Five things to avoid when creating graphs and charts

Using a chart or graph can be a simple and eye-catching way to display information that might otherwise need paragraphs (or pages!) of text to explain.

When done well, your audience should be able to scan and interpret your graphics quickly and easily. When done not-so-well, simple graphics can confuse a reader. Here are some things to avoid doing when visually displaying information.

3D and other special effects

Using 3D and blow-apart effects can make your data hard to interpret. Think about a 3D bar chart for a minute. The 3D effect is created by angling the bar upward. What part of the bar is your reader supposed to be looking at? The front (the lowest part) or the back (the highest)?

If you’re not there to explain the data, don’t be surprised if your readers can’t figure it out on their own.

Blow-apart effects, which we often see with pie charts, create similar issues. The parts of the pie are harder to compare when they’re blown apart, which can lead to misinterpretation of your data (source). Remember, your readers should be able to interpret a well-designed graphic at a glance. Don’t make them work for it.

Your readers should be able to interpret a well-designed graphic at a glance. Don’t make them work for it.

Odd scales

Another way to make your readers work is to challenge their assumptions. And most readers assume that most charts start at zero. Starting a scale with a number other than zero can distort your information, leaving the impression that your data has been skewed.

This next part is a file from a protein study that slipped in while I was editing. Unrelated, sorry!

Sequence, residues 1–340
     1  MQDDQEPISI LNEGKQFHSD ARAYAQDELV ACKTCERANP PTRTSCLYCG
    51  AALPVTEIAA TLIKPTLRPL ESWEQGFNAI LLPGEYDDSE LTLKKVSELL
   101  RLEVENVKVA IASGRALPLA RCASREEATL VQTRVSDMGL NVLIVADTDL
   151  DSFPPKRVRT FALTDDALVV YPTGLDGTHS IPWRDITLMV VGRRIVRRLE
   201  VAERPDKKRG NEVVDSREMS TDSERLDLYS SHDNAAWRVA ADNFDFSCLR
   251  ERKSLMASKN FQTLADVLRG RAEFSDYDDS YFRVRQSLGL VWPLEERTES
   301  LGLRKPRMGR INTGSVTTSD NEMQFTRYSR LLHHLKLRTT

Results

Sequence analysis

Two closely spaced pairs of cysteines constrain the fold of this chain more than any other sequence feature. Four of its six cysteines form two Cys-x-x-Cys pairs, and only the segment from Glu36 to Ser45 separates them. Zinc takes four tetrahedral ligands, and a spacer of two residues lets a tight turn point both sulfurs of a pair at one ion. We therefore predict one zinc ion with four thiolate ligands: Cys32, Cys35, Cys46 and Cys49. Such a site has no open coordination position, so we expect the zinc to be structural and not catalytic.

Information overload

Trying to present too much information on a line graph reduces your readers’ understanding of what you’re trying to say, because it makes it difficult to find the data points on your graph. Similarly, too many bars in a bar chart can make it hard to distinguish between groups of data. You’ve seen these charts, where all the information just blends together.

If you have too much information to present, consider creating a series of charts by grouping different sets of data in a logical way. If that doesn’t work, it might be best to skip the chart in this case and tell your story with text.

Too many/non-contrasting colours

Eye-catching graphics use colour, but using too many colours can leave your chart looking messy. It can also confuse readers as they start to lose track of which colour was supposed to represent which piece of information.

Six is the maximum number of colours you should use, but most sources will tell you a three-colour palette is ideal. And if there’s any chance your chart will be printed out or viewed in black and white, choose a palette with plenty of contrast.

Skipping the text

A well-designed graphic is a great way to present information for visual learners. You know, those people whose eyes glaze over when they see paragraphs of text followed by more paragraphs of text. But don’t underestimate how important it is to reach all types of learners. There are plenty of people who will struggle to interpret a line chart no matter how simple it seems or how well it’s designed.

To make the biggest impact and reach the widest audience, use a mix of graphics and well written text. Your readers will thank you.

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